The Beacon

Mixed News for U.S. Loggerhead Sea Turtles

A baby loggerhead sea turtle. © Oceana/Cory Wilson

Last week the U.S. government issued bittersweet news for loggerhead sea turtles.

First, the good news: After almost four years of debate, the government decided to upgrade Pacific loggerhead sea turtles to “endangered” from “threatened” under the Endangered Species Act. The bad news is that Atlantic loggerhead turtles will still be considered “threatened,” despite the recommendations of the government’s own scientists.

Loggerheads have declined by at least 80 percent in the North Pacific and could become functionally or ecologically extinct by the mid-21st century if additional protections are not put into place. Meanwhile, Florida beaches, which host the largest nesting population of loggerheads in the Northwest Atlantic, have seen more than a 25 percent decline in nesting since 1998.

In 2009, a team of government scientists published a report that classified both populations of loggerhead turtles as “currently at risk of extinction.” In other words, the government dismissed its own scientists’ conclusions about Northwest Atlantic loggerheads.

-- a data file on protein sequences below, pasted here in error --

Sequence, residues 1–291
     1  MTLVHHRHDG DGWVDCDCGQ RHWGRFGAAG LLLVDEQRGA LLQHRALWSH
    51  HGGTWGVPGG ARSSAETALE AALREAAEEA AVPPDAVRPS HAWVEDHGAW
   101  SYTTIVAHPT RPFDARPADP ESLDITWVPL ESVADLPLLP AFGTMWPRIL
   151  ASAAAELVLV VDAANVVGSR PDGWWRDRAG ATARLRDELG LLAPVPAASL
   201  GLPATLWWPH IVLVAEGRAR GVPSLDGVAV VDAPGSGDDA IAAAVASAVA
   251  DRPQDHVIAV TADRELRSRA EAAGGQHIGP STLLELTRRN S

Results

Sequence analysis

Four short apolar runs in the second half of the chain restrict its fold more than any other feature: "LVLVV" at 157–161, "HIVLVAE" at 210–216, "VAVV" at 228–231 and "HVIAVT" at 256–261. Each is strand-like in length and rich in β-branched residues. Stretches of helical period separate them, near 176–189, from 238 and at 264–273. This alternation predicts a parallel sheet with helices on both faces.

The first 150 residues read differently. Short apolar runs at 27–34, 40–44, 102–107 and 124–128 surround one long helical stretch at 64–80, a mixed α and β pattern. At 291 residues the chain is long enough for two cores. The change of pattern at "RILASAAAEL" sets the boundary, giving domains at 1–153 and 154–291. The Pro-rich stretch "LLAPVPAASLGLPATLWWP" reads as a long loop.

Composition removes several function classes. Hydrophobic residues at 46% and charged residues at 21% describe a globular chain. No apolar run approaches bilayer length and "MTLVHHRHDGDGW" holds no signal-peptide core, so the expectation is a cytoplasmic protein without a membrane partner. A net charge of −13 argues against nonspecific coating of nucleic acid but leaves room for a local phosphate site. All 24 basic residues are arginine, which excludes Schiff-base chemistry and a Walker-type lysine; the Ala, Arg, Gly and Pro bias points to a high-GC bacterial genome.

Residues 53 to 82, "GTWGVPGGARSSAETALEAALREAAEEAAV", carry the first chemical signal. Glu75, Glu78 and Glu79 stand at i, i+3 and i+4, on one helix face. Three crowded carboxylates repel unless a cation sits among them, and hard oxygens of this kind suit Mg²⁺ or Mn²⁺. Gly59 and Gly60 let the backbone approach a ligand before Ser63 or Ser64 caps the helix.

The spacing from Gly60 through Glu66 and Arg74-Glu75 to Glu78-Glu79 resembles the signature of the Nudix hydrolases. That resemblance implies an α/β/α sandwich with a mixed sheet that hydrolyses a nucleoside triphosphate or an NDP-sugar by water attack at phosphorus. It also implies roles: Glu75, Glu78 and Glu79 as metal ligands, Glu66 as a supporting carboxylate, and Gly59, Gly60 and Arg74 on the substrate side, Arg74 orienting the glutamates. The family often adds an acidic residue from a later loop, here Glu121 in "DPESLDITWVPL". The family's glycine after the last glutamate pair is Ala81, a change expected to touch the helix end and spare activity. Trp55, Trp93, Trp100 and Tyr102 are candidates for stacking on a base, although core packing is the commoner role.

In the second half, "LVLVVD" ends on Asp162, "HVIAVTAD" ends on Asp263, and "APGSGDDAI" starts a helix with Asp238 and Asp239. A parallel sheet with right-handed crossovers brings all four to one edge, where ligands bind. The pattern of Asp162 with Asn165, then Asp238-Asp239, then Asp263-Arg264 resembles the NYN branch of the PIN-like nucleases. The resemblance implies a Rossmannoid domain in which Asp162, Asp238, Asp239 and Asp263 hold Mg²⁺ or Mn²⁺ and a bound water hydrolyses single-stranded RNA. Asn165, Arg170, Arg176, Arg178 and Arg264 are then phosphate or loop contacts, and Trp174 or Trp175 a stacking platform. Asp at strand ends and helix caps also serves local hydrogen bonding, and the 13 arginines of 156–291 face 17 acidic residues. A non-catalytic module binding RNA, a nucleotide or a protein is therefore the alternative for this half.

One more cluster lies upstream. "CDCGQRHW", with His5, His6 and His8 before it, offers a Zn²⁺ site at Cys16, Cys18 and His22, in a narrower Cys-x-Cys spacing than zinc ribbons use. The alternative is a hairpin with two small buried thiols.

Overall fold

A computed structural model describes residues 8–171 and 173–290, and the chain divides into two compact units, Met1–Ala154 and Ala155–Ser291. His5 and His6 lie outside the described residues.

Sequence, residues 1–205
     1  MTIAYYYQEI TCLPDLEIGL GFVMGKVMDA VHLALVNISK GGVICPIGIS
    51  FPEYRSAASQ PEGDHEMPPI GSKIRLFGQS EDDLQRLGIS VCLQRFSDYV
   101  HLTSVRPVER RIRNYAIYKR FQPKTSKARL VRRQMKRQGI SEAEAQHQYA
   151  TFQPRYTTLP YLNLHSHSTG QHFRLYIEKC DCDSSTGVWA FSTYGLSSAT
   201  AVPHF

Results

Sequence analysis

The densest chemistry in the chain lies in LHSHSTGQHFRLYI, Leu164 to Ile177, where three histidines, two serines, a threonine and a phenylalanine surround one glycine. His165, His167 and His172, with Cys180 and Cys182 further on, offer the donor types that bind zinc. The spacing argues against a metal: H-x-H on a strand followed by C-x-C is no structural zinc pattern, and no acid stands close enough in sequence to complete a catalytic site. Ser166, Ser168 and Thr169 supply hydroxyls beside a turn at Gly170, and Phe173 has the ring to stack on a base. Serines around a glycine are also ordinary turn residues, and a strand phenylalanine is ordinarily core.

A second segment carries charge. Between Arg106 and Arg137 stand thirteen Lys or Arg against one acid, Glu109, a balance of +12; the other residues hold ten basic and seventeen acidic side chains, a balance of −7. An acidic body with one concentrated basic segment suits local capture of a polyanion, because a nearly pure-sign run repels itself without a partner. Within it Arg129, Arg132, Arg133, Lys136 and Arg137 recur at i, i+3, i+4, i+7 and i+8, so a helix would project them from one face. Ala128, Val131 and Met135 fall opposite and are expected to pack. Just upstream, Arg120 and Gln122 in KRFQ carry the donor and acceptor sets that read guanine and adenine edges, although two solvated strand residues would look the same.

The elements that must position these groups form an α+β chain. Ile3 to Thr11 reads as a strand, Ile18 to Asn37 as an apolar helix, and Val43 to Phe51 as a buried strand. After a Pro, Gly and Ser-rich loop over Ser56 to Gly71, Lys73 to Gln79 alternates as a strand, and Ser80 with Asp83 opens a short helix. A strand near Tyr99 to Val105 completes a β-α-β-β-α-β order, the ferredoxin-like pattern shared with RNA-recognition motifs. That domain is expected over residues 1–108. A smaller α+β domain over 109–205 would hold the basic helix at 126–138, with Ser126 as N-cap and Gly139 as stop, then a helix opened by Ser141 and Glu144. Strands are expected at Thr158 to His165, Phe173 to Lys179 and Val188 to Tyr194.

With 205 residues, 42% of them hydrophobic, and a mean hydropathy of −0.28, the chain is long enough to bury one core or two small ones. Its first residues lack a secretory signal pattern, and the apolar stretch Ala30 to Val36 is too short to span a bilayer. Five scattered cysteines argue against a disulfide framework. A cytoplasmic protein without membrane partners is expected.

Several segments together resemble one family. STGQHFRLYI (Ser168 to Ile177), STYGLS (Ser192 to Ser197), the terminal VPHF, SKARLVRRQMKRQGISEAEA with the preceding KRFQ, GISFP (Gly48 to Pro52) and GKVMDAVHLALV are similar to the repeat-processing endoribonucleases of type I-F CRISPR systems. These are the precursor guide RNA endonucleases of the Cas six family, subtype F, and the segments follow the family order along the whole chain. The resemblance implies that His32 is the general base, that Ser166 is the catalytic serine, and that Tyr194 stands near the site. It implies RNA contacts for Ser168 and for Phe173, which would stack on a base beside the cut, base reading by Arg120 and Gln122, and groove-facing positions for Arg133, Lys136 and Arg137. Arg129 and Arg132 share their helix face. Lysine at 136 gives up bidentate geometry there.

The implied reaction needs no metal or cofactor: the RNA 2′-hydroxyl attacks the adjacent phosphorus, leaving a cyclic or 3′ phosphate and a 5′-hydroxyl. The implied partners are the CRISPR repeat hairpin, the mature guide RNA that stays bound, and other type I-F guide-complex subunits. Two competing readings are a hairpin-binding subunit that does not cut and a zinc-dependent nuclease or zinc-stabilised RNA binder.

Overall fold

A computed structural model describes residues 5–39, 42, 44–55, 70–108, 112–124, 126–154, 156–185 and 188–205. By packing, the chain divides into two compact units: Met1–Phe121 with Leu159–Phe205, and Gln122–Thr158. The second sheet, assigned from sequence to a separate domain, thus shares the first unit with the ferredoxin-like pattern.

The government’s review of loggerhead status was prompted in 2007 by petitions from Oceana, the Center for Biological Diversity and the Turtle Island Restoration Network, which asked the government to enforce stronger protections for loggerheads  and their habitats.

Unfortunately, the government has also postponed measures that would establish critical loggerhead habitats, an important step in achieving improved protections for key nesting beaches and migratory and feeding areas in the ocean.

We’re making progress, but as you can see, there’s still a long way to go. We’ll continue working to protect sea turtles – and you can help.  Tell your representative to save sea turtles from extinction.

 


Browse by Date